What went wrong? Banerjee, in charge of the department of minority and madrasa, had written scathing reports against party MP Hannan Mollah, former Wakf Board chairman, and raised objections to the appointment of several key officials in his department, including the registrar of co-operative societies and nominees to various co-operative societies in the districts. “His joining Coal India in such a sensitive position is indeed a matter of concern,” a top CVC official said.
Charges against Banerjee in CIL have already begun trickling in. Niranjan Das, recently appointed as Director (Technical), Northern Coalfields, in Singrauli charges that he was not given a clearance certificate for nearly a year by the vigilance department. “I do not want to get into too many details. But my papers were delayed for really long. I do not think it takes such a long time to clear the papers, especially in the case of those in the director-level ranks,” Das said in a telephone interview.
Then, there is the medical reimbursement he has claimed in the name of his father, a pensioner with the Indian Railways. Papers claimed under the Right To Information (RTI) Act from CIL show that Banerjee ran up nearly Rs 3 lakh in a six month period from August 2007. “Banerjee is not entitled to such reimbursements because his father is a retired government employee, with a pension. At a time when the company is tying up with global outfits like TI and Deloitte Consulting (to implement an IT initiative), it is important to remain scandalfree,” says an insider.
OTHERS CLAIM that as many as 45 closed cases have been reopened by Mishra and Banerjee, where the management had dropped charges after they came clean. “There’s total chaos and confusion. No one knows why cases that are 10 years old are being reopened,” says sources.
Can CIL remain free from scandal? Or break the constant chain of financial misdoings that routinely make headlines? Insiders think the possibility remote, probably because financial irregularities are the norm in CIL and its subsidiaries. The most recent has been the misappropriation of funds collected from its staffers for the Prime Minister’s Relief Fund. In fact, it was through an RTI application filed by an employee of South Eastern Coalfield Limited, that the Prime Minister’s Office (PMO) revealed how Rs 10 crore, collected by from CIL employees for over a decade, was fudged. Out of the Rs 40.65 crore collected from the employees, only Rs 30 crore was submitted and Rs 4.71 crore used for unauthorised purchase of relief material. In fact, Rs 5.93 crore is still in the company coffers.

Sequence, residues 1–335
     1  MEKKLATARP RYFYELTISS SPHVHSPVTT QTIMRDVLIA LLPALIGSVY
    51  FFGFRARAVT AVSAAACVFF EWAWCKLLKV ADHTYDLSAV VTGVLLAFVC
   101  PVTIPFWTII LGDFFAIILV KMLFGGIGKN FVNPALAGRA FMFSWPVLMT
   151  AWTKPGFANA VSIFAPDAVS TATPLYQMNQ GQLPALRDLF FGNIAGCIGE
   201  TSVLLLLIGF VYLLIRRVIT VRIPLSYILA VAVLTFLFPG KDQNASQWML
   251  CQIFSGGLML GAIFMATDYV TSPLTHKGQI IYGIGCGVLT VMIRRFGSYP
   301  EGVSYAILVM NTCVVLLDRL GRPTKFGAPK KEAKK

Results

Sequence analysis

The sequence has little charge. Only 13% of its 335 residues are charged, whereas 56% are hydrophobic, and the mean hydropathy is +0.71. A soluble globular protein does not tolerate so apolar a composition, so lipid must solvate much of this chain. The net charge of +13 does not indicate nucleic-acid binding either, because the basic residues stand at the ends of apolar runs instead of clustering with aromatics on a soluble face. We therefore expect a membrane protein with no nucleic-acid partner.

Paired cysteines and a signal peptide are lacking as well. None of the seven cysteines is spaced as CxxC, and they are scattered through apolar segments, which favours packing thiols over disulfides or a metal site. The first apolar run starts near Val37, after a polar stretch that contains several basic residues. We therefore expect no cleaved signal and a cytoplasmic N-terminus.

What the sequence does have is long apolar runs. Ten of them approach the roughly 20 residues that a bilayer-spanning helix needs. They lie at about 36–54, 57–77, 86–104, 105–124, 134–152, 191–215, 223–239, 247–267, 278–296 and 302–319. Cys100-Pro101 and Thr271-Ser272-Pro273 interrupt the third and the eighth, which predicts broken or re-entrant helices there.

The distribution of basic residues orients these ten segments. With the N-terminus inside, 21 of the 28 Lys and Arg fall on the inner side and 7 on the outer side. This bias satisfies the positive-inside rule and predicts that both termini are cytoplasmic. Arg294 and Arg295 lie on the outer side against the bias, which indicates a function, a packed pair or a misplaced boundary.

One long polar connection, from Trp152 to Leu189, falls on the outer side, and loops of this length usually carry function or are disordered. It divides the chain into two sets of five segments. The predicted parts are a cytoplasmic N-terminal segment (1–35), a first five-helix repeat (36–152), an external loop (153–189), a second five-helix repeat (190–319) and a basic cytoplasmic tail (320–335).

Worse, the PMO, which was forced to conduct an inquiry, found Mujibur Rehman, a lab technician who had filed the orginal RTI application, was severely pressured by the company top brass which wanted him to withdraw it. CIL insiders say that Rs 30 lakh collected during the 2004 Tsunami and Rs 17 lakh during the 1999 Orissa cyclone was never handed over; Rs 7 crore collected for the 2005 J&K earthquake has not yet been deposited, while Kargil collections were submitted eight years late in August 2007. And for all his efforts, Rehman has been threatened, shunted around and twice charge-sheeted by the company.
Now, with people like Banerjee and Mishra in charge over CIL’s anti corruption unit, all that seems transparent is that TI clearly has a job on its hands.